Traditional methods of winemaking rely on a bevy of pesticides. One study found that 100 percent of conventional wines contain pesticides; one bottle contained 10 different types, according to Organic Wine Journal.
You might be wondering where all the organic wines are, though; a trip to the liquor stores certainly doesn’t reveal a ton of options. But this is quickly changing, as growers want to engage in practices that support the land and produce healthy vintages.
One winemaker made the switch from conventional to organic and biodynamic and says his wine is not only healthier but tastes better as well.
“We woke up one day and we heard no birds. There were no insects; the property was dead,” says Mike Benziger, founder of Benziger Family Winery. “It was at that point that we knew we needed to do something to heal the property. This is one of the most beautiful properties in California, and we had killed it. We felt terrible about it, and felt we had an obligation to bring it back to life.”
Benziger would embark on the journey of a lifetime to revive his property—and the results would bring the complex flavors of his living systems into every bottle of wine his family winery would produce.
“When we first started growing, I had a little bit of experience making wine but didn’t know a lot about grape growing,” Benziger says. So they hired the “best” Napa consultants, whose philosophy was that when you grow grapevines, you grow them in an environment where there is no competition whatsoever, one that is completely sterilized of the natural environment around it. “So, through spraying and the use of chemicals and other agents, we systematically pushed nature to the other side of the fence.
“Our vines looked beautiful; there wasn’t a weed you could see,” he continues. “But over a period of years we saw that, first of all, the soil started to die. Every time it rained, our parking lot would fill up with soil and silt. Also the wines that we were making, quite frankly, were kind of mediocre. Our fermentations were weak.”
Fortunately, Benziger realized what conventional methods had done to his farm, and he knew he had to change.
“We began to look at different farming methods,” he says. “We looked at permaculture and organic farming. But when we came across biodynamics, it immediately grabbed us because of this whole part of it that has to do with healing the earth. That was what we really needed to do at the time. That’s when we started, in 1994, to change the property over, to farm biodynamically, and it was almost immediate that we saw the impact on wine quality.”
Biodynamics: What does it mean?
Biodynamics is a series of sustainable farming methods developed by scientist and philosopher Rudolph Steiner after World War I. It involves every stage of growing—from the soil, to planting times, to harvesting and processing produce.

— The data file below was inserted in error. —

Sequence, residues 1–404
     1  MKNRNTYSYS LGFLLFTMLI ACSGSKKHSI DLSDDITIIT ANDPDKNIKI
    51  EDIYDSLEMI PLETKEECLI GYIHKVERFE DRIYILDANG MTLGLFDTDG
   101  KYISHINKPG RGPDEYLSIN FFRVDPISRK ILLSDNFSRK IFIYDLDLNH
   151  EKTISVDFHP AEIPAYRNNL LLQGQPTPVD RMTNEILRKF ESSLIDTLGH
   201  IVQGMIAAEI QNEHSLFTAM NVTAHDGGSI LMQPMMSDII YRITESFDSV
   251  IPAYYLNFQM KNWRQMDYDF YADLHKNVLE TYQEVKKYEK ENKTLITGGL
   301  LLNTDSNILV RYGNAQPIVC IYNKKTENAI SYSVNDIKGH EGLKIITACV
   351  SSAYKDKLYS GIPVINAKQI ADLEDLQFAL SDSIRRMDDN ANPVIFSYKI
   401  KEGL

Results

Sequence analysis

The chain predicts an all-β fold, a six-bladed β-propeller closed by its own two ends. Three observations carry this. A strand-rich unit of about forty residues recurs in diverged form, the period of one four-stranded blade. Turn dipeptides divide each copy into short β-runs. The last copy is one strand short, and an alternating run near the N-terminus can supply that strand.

The difference today at their vineyards is quite remarkable. “Our ripening is much more uniform,” Benziger reports. “The net result is flavors that are connected, or attributes of the surrounding environment that are reflected in flavors of the products we make. The impacts on wine quality that I see in general are, first, more authenticity of flavor—in other words, flavor and taste are associated with the environment around us—and second, wines that are more interesting in the glass and last longer in the bottle.”
The sulfites debate
While many can’t dispute that growing grapes organically is good for the earth and the wine, there is an ongoing, and often contentious, debate about adding sulfites (sulfur dioxide used as a preservative) to wine. For a wine to be USDA certified organic it cannot have added sulfites.
Some winemakers argue that wine has been made for thousands of years without sulfites and that it’s an unnecessary additive. The National Organic Board recently concurred, ruling that any wine with its organic seal cannot contain the additive.
But other wine experts believe a quality wine requires sulfites, and that studies don’t conclude sulfites pose any health risks. They argue that the “gold standard” for sustainable winemaking is biodynamic, not organic, since sulfites can be added with this method. The runner-up would be wine made from organically grown grapes, they say.
Whether you oppose added sulfites or not, options for sustainably grown and produced wines are growing. Here are some of them:
Frey Vineyards: Organic wine that does not contain added sulfites.
Yorkville Cellars: A Mendocino, California–based organic winery.
The Organic Wine Company: Wines are all made with certified organic grapes, on small family-owned estates around the world.
Benziger Family Winery: Dedicated to biodynamic, organic and sustainable growing practices.
EcoVine: A website offering all varieties of sustainably grown wines, including a wine-of-the-month club.
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